Continuing to Learn about Service as an Alum
I frequently meet people whose minds are blown by the fact that I willingly go hike up steep mountains in the heat with tons of gear to fight a fire. These same people look at me like I’m quite crazy when I tell them how much I love to do that. However, this is AmeriCorps Alums and a lot of us have gone to great lengths to serve, so you all will understand.
It used to be a challenge for me to articulate why I fight fires. The answer has come to me as I have continued to learn lessons about service in my 5 years as an AmeriCorps Alum.
I used to feel slightly inferior about my service for a number of reasons. After college, I joined AmeriCorps less because I was determined to serve and more because I was willing to serve if it got me the experience I needed and helped me decide what I wanted to do with my college degree. My service wasn’t the kind you hear about on the news: I wasn’t helping people, I was helping the planet.
In the years since, I’ve begun to see how, no matter where you started out when you joined AmeriCorps, you end up in a similar mindset after serving. Service becomes a part of your life. Today, I’m still learning what AmeriCorps did for me, for other members, and enabled us to do for others.
I served from September 2005-August 2007 in Elkhart EnviroCorps. EnviroCorps had over 50 ongoing projects that all fell under the themes of environmental education, restoration, or community outreach. One of the projects in EnviroCorps was funded through a partnership with The Nature Conservancy. Through this collaboration, 3-5 members of our 12 person team travelled throughout the state of Indiana serving on restoration efforts on TNC preserves under the guidance of TNC stewards. A big part of restoration is using prescribed fire, and The Nature Conservancy holds its staff and volunteers (and AmeriCorps members) to a high standard with fire, requiring us to obtain and keep current our red card, or wildland firefighting certifications, to participate on prescribed fires.
The first year that I attended a refresher training to keep my red card current, I learned that, through the Indiana DNR, I could list myself as available to be assigned to crews to fight wildfires.
It was July 2008 before I got to go out on assignment to the Basin Complex Fire in California. It was a far cry from the prescribed fire that I was used to and at times a little overwhelming. There wasn’t always a lot of work for a handcrew, but we helped widen lines that dozers had put it to contain the fire. There were two distinct highlights of that trip for me. My crew was assigned to go to a remote Buddhist monastery, the Tassajara Mountain Zen Center, to help prepare the buildings to survive if the fire passed through that area. The fire did consume the area surrounding the Zen Center, but most of the buildings remained intact.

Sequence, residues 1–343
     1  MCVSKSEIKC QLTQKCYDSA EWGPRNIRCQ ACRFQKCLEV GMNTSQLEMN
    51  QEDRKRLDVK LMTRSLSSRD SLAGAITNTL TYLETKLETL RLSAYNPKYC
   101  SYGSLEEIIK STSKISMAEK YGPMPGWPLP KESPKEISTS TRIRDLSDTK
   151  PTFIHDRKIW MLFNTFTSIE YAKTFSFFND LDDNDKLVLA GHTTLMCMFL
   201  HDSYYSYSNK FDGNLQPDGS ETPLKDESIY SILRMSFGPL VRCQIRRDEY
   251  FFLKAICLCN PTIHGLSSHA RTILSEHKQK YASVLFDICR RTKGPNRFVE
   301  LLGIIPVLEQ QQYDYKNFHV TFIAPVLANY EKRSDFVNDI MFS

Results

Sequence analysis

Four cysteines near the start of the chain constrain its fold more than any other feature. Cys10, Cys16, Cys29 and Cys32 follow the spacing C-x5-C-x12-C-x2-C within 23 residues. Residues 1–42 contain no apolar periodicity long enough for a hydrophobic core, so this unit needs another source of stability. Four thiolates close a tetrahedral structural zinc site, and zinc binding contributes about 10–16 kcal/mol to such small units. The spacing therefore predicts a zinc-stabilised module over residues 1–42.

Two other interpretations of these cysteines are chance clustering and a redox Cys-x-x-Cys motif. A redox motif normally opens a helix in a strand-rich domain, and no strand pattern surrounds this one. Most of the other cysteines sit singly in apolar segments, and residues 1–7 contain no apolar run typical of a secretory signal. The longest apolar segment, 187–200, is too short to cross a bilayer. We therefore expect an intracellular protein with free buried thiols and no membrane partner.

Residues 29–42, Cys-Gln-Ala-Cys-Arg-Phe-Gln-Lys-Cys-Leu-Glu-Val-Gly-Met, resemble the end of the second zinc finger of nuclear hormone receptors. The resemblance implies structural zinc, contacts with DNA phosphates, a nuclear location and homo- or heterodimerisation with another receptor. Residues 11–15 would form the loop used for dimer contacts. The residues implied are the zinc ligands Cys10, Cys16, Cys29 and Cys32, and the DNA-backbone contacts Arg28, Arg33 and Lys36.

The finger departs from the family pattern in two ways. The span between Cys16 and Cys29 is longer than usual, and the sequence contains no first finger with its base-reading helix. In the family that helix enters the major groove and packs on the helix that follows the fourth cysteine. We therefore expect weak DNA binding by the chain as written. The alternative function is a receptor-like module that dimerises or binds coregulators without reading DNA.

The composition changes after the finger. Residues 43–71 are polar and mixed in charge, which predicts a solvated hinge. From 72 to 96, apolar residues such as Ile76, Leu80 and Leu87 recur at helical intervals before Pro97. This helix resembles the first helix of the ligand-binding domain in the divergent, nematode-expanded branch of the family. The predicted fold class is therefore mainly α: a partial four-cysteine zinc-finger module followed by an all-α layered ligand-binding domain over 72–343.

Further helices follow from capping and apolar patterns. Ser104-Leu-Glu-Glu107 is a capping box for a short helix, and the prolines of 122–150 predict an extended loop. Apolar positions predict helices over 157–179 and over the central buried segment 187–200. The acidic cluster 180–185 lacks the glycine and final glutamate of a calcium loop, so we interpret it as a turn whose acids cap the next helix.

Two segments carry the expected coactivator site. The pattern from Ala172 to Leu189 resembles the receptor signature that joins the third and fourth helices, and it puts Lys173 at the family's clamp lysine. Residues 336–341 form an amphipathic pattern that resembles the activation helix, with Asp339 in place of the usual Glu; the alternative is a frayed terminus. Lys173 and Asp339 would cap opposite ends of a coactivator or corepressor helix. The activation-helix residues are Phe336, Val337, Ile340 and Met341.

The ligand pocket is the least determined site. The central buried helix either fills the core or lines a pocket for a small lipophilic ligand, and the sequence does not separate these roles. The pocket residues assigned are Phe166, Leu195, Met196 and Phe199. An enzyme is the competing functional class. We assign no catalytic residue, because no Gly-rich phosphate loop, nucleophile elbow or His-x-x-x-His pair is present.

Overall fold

Jump to now service is still a part of my life. I married a 2-year *NCCC alum and at our wedding, we took a picture of everyone there who served in some official capacity–military, Peace Corps, religious life, and of course AmeriCorps. Not everyone was there for the picture, and we still had a pretty big crowd, don’t you think? And what these friends have taught me by the lives they live is that service means shifting the focus away from myself.
My service and work may be focused on the environment, but I serve others too. Some of it is more organized, like volunteering for events or nonprofits or at church, while a lot of it is simply how I interact with others and the life I choose to lead.
It is anything from being there to help when a friend moves or re-roofs their house to making the well-being and development of my employees on of my priorities as a manager to even just random acts of kindness. Service is what makes fighting wildfires and managing nature preserves continue to be fun in my lifetime of Service.
What areas are you currently serving in? Share with us in the comments below!